Expand the Horizon of DWC Program

by The Cowl Editor on September 27, 2018


Students sitting in a lecture classroom with a professor presenting at the front.
The DWC program features various subjects across the humanities, but rarely any business- or science-related topics. Photo courtesy of Providence College Vimeo.

by Alyssa Cohen ’21

Opinion Staff

Development of Western Civilization (DWC) has indisputably become a hallmark of Providence College, as the program has a reputation for being rigorous and writing intensive, while instilling a strong humanities background in every student.

While this program ensures every PC graduate is equipt with strong writing and communication skills, along with an extensive understanding of how the Western world grew to become what it is today, a lot of the curriculum that makes up DWC can be redundant and tedious for humanities majors.

For most majors under the umbrella of the humanities, students are required to take a variety of different classes, which all focus on developing reading, writing, textual analysis and discussion skills, just as DWC does.

Additionally, humanities majors are required to take classes that focus on a variety of time periods— English majors are required to take four pre-1800 and four post-1800 literatures classes, thus they develop an understanding of the rise of Western civilization through their major classes alone.

Not to mention the amount of reading that accumulates for a humanities major on top of DWC.

If the average student takes five classes a semester, comprised of two to three classes that fulfill his or her major, DWC, and an elective or alternative core requirement, there is bound to be overlap in those subjects.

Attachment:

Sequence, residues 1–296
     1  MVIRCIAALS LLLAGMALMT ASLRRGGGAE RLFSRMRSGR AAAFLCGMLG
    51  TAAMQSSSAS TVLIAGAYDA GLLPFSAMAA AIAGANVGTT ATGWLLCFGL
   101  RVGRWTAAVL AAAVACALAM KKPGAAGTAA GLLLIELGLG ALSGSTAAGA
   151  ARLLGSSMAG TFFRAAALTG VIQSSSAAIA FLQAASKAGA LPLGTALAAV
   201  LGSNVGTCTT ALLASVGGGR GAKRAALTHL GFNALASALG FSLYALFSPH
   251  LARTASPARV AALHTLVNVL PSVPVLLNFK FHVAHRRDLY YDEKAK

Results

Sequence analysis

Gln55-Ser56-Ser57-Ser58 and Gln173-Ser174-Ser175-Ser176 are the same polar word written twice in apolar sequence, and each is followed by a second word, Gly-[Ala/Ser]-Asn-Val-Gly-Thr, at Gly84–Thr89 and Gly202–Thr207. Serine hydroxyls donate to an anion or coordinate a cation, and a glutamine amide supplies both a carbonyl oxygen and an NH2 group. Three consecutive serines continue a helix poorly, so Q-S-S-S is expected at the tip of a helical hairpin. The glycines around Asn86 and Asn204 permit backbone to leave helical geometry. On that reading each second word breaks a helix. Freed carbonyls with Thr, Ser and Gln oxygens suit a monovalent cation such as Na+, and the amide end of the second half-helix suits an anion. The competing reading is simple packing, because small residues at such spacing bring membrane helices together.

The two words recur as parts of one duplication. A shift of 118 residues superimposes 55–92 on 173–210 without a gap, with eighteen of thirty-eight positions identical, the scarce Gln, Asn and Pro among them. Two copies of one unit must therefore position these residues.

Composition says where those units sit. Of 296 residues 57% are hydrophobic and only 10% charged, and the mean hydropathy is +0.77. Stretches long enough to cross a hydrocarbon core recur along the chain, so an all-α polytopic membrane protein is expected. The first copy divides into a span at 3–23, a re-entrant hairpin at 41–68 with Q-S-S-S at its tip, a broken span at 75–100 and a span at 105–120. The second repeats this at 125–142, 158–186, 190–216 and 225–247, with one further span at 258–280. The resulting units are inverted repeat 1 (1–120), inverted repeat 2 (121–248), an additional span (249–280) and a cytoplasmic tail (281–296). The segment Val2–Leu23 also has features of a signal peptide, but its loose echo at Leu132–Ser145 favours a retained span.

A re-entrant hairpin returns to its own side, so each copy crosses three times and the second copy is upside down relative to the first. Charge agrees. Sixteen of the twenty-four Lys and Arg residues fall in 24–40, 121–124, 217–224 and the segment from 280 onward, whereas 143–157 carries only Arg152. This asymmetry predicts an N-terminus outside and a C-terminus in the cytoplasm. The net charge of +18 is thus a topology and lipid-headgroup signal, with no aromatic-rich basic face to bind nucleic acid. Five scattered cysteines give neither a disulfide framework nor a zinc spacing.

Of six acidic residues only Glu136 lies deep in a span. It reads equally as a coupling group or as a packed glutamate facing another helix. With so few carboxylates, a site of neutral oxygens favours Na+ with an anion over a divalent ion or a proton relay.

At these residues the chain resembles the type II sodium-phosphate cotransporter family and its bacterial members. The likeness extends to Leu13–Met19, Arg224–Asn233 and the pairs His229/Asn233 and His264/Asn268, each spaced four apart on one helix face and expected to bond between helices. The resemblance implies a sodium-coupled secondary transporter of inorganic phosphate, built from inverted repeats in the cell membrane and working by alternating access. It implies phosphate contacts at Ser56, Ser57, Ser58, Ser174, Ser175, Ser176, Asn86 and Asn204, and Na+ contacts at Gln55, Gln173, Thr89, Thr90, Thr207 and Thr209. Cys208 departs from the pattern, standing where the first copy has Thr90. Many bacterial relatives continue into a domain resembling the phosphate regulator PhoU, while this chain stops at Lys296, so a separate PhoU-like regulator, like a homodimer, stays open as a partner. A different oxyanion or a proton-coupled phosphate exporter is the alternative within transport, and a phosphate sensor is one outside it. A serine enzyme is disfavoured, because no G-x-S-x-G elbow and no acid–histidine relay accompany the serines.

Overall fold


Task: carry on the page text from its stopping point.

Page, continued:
If that student is a humanities major, they will be enrolled in a minimum of three reading-heavy classes, which translates to hundreds of pages of reading a week. Often times they will be reading the same books in different classes.

“Between my two English classes and DWC, I had approximately 300-500 pages of reading a week,” explained English major Sarah Kirchner ’21.

To that end, is it really feasible for a humanities major to carefully examine hundreds of pages of complex texts in a single week without becoming burnt out—especially if DWC merely reiterates the same skills humanities majors learn from their major required classes?

In turn, as the function of DWC is to ensure all PC students receive a well-rounded education, and the curriculum of DWC is so closely linked with that of the required courses of humanities majors, is it really necessary for these undergraduate students to be required to take the same four semesters of DWC as science, business, or math majors who are covering entirely different material in their major courses altogether?

While DWC serves as a refreshing change of content for non-humanities majors, the workload for DWC becomes tedious for humanities majors, consuming the effort and concentration these students need for their major required classes.

“Civ serves as an enjoyable change of pace in my science-based course load,” shared biochemistry major Katelyn Hino ’22. “DWC has helped me to hone in on my writing and literary analysis skills, abilities we do not focus on in my other classes. However, that said, I can see how DWC could become repetitive for any humanities major.”

Essentially, to avoid the monotony of DWC for humanities majors, the College should at least consider reconstructing the curriculum so it is differentiated based on a students major.

While non-humanities majors could continue to develop their linguistic abilities, humanities majors could develop skills and content that are not as heavily focused upon in their major required classes, such as logic, reasoning, and science-based abilities.

Overall, the DWC program could engender an exceedingly more well-rounded education in PC students if the course was specialized based on major, so that it would fulfill the gaps in academic material that is not covered in major-required classes.